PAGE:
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Income protection matters at every age

All / 15.04.20160 comments

Are you looking towards a comfortable retirement in the not too distant future? If you are, you need to ensure your income is protected, so that in the event you fall seriously ill or experience an accident in the lead up to finishing work for the last time, you don’t have to dip into your retirement savings to cover your income shortfall while you recuperate.

It’s easy to assume that the older you get, the less important income protection is. You might have paid off the house in full; you might even be working part-time and looking towards a time in the not too distant future when you’ll be stepping out of the workforce altogether.

But the runway to retirement is actually one of the most important times to ensure your income is adequately and fully covered. Because if you had to stop work for any extended period as a result of an accident of serious injury during this time, without income protection insurance you would probably need to rely on your retirement nest egg to keep the ship afloat. This could have serious and negative consequences for how you spend your retirement.

Worryingly, research conducted by the Australian Institute of Superannuation Trustees and Industry Funds Forum has found a significant underinsurance problem when it comes to income protection. The research found 45 per cent of Australians are underinsured by $1,000 a month[1]. For people in this group, making ends meet becomes a real issue – something that is difficult to contemplate when you are also trying to recover from an accident or illness.

The message is that without adequate income protection cover, an accident or serious illness could have terrible consequences for the lifestyle you wish to lead when you do transition out of the workforce.

Cover that’s right for you

So what is income protection insurance? It’s a type of cover that offers a benefit in the event you suffer a serious illness like cancer, heart attack and stroke, or experience a serious accident that prevents you from performing your usual job.

Policies generally cover up to 75 per cent of your total salary, for a period of up to five years. A waiting period of up to six weeks generally applies between the time of the diagnosis or accident and the time you receive a pay-out but can be reduced according to your needs.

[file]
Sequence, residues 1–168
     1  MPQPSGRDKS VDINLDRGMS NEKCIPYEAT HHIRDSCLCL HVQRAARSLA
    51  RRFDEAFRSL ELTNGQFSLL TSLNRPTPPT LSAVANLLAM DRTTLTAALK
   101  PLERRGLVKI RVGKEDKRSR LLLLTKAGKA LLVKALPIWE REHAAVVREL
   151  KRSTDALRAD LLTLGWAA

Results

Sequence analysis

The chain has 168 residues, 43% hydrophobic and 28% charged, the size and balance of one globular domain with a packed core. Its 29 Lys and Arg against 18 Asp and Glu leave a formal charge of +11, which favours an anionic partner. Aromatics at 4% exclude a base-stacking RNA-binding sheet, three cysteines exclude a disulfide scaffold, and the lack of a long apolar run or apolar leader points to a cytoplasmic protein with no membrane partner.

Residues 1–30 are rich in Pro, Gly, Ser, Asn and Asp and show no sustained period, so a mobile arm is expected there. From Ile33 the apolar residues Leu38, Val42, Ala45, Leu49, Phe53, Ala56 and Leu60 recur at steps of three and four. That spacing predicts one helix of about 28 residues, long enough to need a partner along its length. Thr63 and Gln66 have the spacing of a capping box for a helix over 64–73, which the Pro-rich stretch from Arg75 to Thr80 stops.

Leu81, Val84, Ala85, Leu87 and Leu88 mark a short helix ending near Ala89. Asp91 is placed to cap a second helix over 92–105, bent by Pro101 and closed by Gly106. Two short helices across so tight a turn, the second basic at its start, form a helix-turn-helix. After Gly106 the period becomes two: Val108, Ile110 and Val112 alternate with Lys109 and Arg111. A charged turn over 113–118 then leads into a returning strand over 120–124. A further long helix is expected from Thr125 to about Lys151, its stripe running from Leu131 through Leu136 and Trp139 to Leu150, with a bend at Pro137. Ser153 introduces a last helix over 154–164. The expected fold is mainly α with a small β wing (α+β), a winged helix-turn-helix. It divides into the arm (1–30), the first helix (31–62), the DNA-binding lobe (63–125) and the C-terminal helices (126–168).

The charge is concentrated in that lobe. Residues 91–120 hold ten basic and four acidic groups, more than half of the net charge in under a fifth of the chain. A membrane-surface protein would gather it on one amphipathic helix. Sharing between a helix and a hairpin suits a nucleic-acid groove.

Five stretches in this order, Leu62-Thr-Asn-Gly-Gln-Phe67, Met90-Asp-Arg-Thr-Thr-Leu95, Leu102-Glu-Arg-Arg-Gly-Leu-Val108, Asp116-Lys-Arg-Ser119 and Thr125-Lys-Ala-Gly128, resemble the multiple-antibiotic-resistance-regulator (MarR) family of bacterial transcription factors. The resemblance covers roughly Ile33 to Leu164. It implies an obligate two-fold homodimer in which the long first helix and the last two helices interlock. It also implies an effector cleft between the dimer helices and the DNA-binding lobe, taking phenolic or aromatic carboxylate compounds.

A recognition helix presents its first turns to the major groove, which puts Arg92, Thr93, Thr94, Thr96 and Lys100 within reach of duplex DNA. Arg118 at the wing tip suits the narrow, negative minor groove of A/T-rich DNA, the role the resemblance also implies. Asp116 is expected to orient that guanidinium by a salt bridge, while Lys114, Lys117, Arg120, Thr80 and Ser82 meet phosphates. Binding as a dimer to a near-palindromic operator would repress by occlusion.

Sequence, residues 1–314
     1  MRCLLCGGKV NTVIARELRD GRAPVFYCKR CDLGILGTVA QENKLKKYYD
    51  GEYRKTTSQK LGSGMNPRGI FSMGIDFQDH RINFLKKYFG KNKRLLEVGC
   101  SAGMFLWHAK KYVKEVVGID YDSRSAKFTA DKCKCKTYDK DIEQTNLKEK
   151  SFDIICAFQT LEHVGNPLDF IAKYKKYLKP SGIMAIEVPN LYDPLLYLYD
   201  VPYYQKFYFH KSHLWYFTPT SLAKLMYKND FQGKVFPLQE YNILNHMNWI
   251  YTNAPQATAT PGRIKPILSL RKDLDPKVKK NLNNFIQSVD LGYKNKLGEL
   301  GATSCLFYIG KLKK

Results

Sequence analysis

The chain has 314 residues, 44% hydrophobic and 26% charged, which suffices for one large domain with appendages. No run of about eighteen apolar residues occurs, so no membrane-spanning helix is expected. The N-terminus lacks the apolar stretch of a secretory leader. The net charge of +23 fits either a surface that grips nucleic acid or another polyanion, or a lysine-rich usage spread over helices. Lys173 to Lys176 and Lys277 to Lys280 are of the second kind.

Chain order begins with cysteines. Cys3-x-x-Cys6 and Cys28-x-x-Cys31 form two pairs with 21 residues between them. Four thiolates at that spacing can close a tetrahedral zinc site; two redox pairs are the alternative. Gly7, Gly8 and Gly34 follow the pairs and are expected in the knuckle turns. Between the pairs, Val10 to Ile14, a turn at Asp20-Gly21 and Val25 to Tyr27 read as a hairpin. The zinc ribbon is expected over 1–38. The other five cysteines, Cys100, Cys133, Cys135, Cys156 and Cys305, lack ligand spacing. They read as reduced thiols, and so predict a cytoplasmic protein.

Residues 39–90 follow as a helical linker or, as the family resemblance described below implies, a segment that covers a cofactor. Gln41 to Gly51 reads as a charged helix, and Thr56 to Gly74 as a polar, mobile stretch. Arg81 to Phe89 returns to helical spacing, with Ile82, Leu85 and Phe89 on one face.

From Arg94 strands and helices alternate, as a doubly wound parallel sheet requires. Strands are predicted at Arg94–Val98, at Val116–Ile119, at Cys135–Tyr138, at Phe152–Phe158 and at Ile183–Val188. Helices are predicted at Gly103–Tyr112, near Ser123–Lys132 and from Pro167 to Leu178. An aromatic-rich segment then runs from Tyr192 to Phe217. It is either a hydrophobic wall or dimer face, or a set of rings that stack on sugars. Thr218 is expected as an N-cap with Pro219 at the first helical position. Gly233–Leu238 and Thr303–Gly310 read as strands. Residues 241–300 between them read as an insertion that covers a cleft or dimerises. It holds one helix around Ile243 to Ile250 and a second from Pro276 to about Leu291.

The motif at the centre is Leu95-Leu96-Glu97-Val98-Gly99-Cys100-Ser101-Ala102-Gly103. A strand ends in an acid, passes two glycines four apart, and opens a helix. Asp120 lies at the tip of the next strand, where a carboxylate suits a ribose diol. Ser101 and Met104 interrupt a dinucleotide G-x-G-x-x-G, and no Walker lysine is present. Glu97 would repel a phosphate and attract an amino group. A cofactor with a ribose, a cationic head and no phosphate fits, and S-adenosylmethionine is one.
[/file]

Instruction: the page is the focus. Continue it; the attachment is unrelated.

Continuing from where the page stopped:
One of the benefits of income protection insurance compared to life insurance is that it’s usually tax deductible, which helps to reduce your taxable income and the tax you pay.

There are two main types of income protection premium options, stepped and level. Stepped premiums are generally cheaper than level premiums, but their cost increases over time. Whereas level premiums are more expensive than stepped premiums at the time the policy is taken out, but reduce in price compared to stepped premiums over time.

Safeguarding your retirement

Let’s look at a hypothetical case study to show why income protection insurance is important at every age. Bob, 57, and his wife Sue, 55, had only just paid their last mortgage repayment and were contributing the funds equivalent to their old monthly mortgage repayment to their self-managed super fund.

Cleaning the gutters one afternoon, Bob slipped off the ladder, breaking his hip. He spent two weeks in hospital and six weeks in a rehabilitation facility, and needed to take six months off work to recuperate fully.

Because he had taken out income protection insurance he was able to take the time off work and still maintain his and his wife’s lifestyle. Had he not had this insurance, he would have been required to use money set aside for his retirement.

If you don’t have income protection insurance, or want to ensure you have the right level of cover for your personal circumstances, why not talk to you adviser today? It’s a great way to give you peace of mind that you have everything in place for a comfortable, enjoyable retirement.

 

[1]aist.asn.au/media/2358/aist_2008.06.03_media_Under-insured.pdf

Disclaimer

Past performance is not a reliable indicator of future performance. The information and any advice in this publication does not take into account your personal objectives, financial situation or needs and so you should consider its appropriateness having regard to these factors before acting on it. This article may contain material provided directly by third parties and is given in good faith and has been derived from sources believed to be reliable but has not been independently verified. It is important that your personal circumstances are taken into account before making any financial decision and we recommend you seek detailed and specific advice from a suitably qualified adviser before acting on any information or advice in this publication. Any taxation position described in this publication is general and should only be used as a guide. It does not constitute tax advice and is based on current laws and our interpretation. You should consult a registered tax agent for specific tax advice on your circumstances.